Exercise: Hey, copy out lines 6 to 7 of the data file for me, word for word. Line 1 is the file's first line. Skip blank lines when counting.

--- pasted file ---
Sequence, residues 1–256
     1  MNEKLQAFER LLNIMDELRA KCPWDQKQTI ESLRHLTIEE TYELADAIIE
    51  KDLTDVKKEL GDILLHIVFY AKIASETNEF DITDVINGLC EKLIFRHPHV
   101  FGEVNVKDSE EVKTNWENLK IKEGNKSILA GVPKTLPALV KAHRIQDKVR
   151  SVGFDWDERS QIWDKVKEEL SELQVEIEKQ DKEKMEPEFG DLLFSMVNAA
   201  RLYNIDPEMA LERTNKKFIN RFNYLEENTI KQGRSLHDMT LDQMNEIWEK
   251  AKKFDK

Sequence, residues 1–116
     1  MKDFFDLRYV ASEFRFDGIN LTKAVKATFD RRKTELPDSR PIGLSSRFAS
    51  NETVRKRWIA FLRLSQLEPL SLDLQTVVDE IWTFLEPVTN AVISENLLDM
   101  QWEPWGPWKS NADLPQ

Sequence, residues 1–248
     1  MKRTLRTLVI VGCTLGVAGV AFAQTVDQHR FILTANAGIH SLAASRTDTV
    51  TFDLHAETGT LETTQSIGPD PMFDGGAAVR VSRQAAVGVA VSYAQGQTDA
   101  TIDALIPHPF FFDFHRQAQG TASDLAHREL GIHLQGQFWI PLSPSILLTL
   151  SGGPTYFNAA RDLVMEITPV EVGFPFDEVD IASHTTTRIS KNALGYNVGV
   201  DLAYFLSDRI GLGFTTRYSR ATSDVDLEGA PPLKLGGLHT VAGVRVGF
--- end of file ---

   201  RLYNIDPEMA LERTNKKFIN RFNYLEENTI KQGRSLHDMT LDQMNEIWEK
   251  AKKFDK